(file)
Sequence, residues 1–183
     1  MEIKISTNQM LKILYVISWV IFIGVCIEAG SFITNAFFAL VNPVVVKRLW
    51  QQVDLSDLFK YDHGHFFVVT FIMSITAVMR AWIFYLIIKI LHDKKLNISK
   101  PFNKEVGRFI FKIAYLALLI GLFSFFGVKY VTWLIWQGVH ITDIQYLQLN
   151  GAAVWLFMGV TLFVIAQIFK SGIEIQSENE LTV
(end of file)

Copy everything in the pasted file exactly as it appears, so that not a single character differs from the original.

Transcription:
Sequence, residues 1–183
     1  MEIKISTNQM LKILYVISWV IFIGVCIEAG SFITNAFFAL VNPVVVKRLW
    51  QQVDLSDLFK YDHGHFFVVT FIMSITAVMR AWIFYLIIKI LHDKKLNISK
   101  PFNKEVGRFI FKIAYLALLI GLFSFFGVKY VTWLIWQGVH ITDIQYLQLN
   151  GAAVWLFMGV TLFVIAQIFK SGIEIQSENE LTV